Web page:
ORLANDO, Fla. -- Orange County is just over a day away from a ‘stay-at-home’ order taking effect.
- Orange County "stay at home" order goes into effect Thursday at 11 p.m.
- Non-essential businesses will be closing as a result
- J. Henry's Barbershop seeing last bit of customers before closure
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Mayor Jerry Demings signed the order into effect, ordering people to stay at home unless it is necessary and with it, closing many businesses around the county.
The mayor's directive, which goes into effect Thursday at 11 p.m., will last two weeks and orders non-essential businesses to close and people to stay home when possible until April 9.
Already, the effect of that decision is rippling across Orlando.
“I’m just praying that we get through it,” said Leroy Owens, a barber at J. Henry's Barbershop in Orlando.
The barbers at J. Henry’s are fitting in their final haircuts before the county orders them to close their shop Thursday evening. Barber Lee Garner said he's never dealt with something like this before.
“I don’t know if I remember taking three days off. But no, two weeks off? I’ve never been through something like that,” Garner said.
“We’re not upset about the situation. But we are very, very concerned about how long we’re going to be out,” said J. Henry, owner of J. Henry's Barbershop.
Cleaning off stations inside carefully, the men sanitize everything from chairs and equipment to countertops and mirrors, taking care not to miss one spot with the alcohol-based cleaners.
Here, the stay-at-home order is on every mind.
“Well the first thing that pops in my mind is my kids,” said Leroy Owens, a barber at J. Henry's.
“We’re open, come on in,” said Jeff Borysiewicz, President of the Corona Cigar Co. They're seeing a string of customers flood in, ready to get in a final cigar before the Corona Cigar Co. closes its two shops Thursday night.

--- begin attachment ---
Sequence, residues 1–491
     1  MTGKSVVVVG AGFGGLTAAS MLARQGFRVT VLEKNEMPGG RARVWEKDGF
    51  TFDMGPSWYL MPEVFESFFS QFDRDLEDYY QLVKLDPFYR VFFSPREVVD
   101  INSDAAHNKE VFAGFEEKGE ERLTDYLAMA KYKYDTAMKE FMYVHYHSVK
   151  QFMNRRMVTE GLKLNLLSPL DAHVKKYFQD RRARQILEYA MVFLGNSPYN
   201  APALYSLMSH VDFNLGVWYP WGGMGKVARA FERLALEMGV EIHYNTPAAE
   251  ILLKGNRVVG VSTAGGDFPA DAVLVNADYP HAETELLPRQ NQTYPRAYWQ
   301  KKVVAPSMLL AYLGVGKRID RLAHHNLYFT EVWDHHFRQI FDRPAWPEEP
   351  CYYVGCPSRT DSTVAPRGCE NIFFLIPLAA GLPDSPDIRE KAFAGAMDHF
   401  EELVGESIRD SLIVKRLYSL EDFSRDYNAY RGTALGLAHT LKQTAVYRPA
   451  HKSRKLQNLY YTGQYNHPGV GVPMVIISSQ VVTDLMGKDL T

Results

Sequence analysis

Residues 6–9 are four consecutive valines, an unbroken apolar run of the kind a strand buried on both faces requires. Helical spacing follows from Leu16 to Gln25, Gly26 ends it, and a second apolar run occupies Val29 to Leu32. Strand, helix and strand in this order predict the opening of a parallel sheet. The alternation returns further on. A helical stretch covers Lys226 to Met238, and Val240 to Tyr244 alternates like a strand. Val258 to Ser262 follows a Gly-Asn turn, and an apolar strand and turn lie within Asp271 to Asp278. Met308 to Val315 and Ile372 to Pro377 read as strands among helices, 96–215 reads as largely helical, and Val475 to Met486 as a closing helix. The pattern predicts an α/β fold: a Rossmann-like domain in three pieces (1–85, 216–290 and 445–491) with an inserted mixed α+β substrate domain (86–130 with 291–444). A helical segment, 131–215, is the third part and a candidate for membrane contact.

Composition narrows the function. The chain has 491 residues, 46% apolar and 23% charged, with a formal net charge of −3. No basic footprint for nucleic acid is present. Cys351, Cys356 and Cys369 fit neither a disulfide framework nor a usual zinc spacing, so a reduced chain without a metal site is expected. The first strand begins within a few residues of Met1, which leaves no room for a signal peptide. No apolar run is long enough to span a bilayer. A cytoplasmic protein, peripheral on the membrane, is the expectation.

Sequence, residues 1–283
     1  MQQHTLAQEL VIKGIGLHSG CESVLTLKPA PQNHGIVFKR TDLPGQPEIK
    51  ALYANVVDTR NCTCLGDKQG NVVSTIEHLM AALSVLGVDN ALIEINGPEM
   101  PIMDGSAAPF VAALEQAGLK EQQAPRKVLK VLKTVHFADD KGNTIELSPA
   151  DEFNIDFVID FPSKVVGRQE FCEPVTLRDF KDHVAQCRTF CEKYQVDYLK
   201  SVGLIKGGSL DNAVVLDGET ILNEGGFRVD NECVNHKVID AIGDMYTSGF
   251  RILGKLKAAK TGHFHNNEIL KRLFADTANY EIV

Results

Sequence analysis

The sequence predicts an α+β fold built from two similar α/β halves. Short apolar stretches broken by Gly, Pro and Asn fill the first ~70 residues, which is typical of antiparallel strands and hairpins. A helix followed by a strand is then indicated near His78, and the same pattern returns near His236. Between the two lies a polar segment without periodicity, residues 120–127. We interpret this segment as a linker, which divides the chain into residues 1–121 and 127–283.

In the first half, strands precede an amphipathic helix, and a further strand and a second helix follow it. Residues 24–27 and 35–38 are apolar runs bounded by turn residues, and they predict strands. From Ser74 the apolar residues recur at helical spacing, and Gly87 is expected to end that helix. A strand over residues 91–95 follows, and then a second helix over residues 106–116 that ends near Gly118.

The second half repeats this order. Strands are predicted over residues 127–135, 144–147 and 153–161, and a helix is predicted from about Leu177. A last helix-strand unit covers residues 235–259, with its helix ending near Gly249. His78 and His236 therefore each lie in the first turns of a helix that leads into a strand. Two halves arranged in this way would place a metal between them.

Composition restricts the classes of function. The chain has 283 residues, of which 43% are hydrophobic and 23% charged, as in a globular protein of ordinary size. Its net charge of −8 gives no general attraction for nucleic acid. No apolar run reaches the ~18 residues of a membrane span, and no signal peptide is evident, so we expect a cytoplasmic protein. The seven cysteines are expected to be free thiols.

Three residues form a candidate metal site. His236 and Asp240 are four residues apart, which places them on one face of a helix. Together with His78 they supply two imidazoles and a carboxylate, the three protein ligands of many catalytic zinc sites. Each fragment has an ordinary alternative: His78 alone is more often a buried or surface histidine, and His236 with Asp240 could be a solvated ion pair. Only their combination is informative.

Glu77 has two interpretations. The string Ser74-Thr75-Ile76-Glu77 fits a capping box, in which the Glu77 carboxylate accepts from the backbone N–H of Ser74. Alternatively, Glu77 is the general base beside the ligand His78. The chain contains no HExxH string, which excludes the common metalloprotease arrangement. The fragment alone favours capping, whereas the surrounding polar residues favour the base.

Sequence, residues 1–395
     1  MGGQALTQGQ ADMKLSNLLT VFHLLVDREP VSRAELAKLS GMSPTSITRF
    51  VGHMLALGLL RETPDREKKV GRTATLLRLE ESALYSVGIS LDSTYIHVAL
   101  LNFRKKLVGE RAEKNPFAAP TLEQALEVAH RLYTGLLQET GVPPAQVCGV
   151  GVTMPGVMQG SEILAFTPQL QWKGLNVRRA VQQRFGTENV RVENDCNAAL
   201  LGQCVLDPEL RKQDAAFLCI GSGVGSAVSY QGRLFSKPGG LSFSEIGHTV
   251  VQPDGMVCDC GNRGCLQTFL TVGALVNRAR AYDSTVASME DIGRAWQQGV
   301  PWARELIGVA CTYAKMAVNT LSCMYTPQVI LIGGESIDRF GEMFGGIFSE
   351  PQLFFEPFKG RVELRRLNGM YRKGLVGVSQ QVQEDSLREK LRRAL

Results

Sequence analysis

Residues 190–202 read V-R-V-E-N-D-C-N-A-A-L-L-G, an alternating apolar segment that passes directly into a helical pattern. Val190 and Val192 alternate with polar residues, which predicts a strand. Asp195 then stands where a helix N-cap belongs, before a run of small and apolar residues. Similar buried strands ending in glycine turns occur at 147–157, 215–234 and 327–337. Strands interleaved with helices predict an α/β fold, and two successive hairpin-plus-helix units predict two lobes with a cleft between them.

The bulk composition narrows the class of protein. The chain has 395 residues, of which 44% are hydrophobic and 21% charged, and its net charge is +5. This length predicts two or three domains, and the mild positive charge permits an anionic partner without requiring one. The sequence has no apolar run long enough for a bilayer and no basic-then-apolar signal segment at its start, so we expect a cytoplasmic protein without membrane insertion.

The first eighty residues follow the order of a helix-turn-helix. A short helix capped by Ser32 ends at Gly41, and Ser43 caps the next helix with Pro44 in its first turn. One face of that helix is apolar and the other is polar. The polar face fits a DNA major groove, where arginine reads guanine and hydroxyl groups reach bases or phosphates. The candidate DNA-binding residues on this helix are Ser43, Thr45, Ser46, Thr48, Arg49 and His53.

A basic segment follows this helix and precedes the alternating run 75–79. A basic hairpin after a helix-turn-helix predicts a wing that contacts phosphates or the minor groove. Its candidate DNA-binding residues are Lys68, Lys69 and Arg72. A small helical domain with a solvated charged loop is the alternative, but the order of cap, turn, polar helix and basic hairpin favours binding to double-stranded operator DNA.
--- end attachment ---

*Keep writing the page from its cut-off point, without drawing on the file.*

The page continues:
Borysiewicz said they can afford to stay afloat closing down for the two weeks, but his biggest concern with the stay at home order isn't about the business or himself.
“Which is our employees. Which is that, we want to make sure people can still have a paycheck,” Borysiewicz said.
Mail order will keep them going for now, as their two shops close. But Borysiewicz says once they find a way to protect the people from coronavirus.
“We’ve got to figure out how now to keep the businesses alive,” Borysiewicz said.
His neighbors at Bay Hill Florist stop by to drop off flowers they won't be able to sell any longer as their shop too closes down.
Around Orlando, the days feel strange, marking an unusual stretch for many in the area.
“Very, very uncertain," J. Henry said. “And if you don’t believe in God, it’s time to believe in him now."
Everyone inside J. Henry's and around town is staying hopeful, sharing the faith that business can bounce back. That hope echoing around town is striking a chord with many in the community.
“For certain, we’ll be back. Much stronger,” Owens said.
Orange County Sheriff John Mina has stressed the order is not an attempt to make arrests, but to keep the county safe.
If you break the rules, you could face a $500 fine or jail time.